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Hartman Electronics Silicon Crystal Valve Pedal Review

Hartman Electronics Silicon Crystal Valve Pedal Review

The new Silicon Crystal Valve from Hartman Electronics is based in significant measure to the Colorsound Supa Tone Bender, and like the original, it’s a cool twist on a classic sound that’s full of unique fuzz flavors.

Controls at noon, then max, then Gain max & Tone 8 o'clock (Fender Jaguar & Fender Tremolux)

Had the ancient Egyptians erected a temple to fuzz, the Tone Bender and Big Muff would be two sides of the pyramid. Apart from being legendary in their earliest and most basic forms, they have each spawned almost innumerable iterations, copies, spin-offs, and re-imaginations—many of which have become classics in their own right. One of the more curious offspring of the Tone Bender or Big Muff, the Colorsound Supa Tone Bender has the unique distinction of being related—albeit via a rather twisted path—to both. For while the Supa Tone Bender was a Tone Bender in name and was built by the Colorsound/Sola Sound company that had built the first and most famous versions of the Tone Bender, the circuit itself was inspired by the Big Muff.

Sonically speaking, the Colorsound Supa Tone Bender was much closer to a Muff than a Tone Bender. In fact, save for a missing first-stage clipping diode and a few other components, it was a copy of a Ram’s Head-era Big Muff. But the absence of that diode made the Supa Tone Bender a very different kind of Muff indeed. The new Silicon Crystal Valve from Hartman Electronics is based in significant measure to the Supa Tone Bender. And like the original, it’s a cool twist on a classic sound that’s full of unique fuzz flavors and arguably more flexible and multifaceted than a lot of old Muffs.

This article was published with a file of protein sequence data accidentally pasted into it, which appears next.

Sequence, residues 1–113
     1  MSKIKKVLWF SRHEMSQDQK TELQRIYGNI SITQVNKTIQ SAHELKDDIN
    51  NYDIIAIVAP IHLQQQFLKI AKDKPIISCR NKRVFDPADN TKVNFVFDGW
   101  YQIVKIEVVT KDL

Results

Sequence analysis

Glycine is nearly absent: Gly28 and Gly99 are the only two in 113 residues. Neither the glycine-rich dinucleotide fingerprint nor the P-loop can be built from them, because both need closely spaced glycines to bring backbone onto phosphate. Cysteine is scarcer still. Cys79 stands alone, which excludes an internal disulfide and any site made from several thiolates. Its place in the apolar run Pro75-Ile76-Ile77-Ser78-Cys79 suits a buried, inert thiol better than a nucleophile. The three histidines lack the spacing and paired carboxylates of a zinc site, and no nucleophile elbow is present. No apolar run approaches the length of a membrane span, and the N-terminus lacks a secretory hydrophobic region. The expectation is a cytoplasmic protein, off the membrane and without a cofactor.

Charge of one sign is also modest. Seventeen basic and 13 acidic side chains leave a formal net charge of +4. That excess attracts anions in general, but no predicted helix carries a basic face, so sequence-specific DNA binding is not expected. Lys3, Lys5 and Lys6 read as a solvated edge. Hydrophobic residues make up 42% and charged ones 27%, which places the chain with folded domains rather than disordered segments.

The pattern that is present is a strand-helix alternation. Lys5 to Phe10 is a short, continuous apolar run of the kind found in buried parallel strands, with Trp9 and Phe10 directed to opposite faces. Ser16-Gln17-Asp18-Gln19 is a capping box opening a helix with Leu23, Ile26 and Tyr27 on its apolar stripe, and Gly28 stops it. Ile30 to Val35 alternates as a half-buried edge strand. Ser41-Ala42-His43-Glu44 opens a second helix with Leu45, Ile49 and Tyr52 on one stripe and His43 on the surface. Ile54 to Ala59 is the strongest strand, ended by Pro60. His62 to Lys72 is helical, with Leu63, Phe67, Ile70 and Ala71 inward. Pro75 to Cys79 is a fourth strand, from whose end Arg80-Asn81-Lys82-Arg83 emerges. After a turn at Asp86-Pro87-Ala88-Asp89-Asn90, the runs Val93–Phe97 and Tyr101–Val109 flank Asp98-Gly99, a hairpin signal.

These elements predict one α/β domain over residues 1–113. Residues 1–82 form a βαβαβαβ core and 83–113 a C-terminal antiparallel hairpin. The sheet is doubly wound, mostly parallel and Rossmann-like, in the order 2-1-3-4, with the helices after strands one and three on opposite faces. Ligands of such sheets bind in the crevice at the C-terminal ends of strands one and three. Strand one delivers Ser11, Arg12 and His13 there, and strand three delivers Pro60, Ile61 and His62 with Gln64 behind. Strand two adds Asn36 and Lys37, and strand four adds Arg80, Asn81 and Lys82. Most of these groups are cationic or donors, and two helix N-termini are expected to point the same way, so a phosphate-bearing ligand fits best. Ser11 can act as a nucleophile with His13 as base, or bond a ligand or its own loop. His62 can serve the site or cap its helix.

Built for the Long Haul
Though the template for the Silicon Crystal Valve is about 40 years old, Hartman doesn’t make the pedal a retro exercise, at least outwardly. Instead, it’s dressed up in more contemporary graphics—a swatch of circuit schematic that’s overlaid with the periodic-table shorthand for silicon that, like a lot of modern tech-inspired graphics, becomes pretty jumbled and vague. In fact, in low stage-light, it’s a little hard to make out the gain, tone, and volume labels amid the clutter. Yeah, a three-knob fuzz isn’t rocket science, but on a crowded pedalboard, even the most intuitive pedals benefit from clear labeling. And why not be bold and have a little more fun—especially with that cool, glossy gold-flake paint as a blank slate.

Inside, however, the Hartman is the essence of streamlined. The circuit board (built around four NPN silicon transistors) is flawlessly put together, solders are clean, components are locked down tight and free of rattles or play, and the interior of the enclosure is clear coated. All of these very nice details reflect a concern for quality, durability, and the realities of frequent, real-world touring and stage use. On the exterior, it’s more of the same. The knobs move with a near perfect resistance that prevents you from knocking your settings out of whack if you graze the pedal with your shoe, but still move easily enough to adjust with your toe in the middle of a solo if you have to. The switch work and jacks are all top-quality, rugged stuff, and the LED, while bright enough to blind you, eliminates any doubt about whether the pedal is off or on.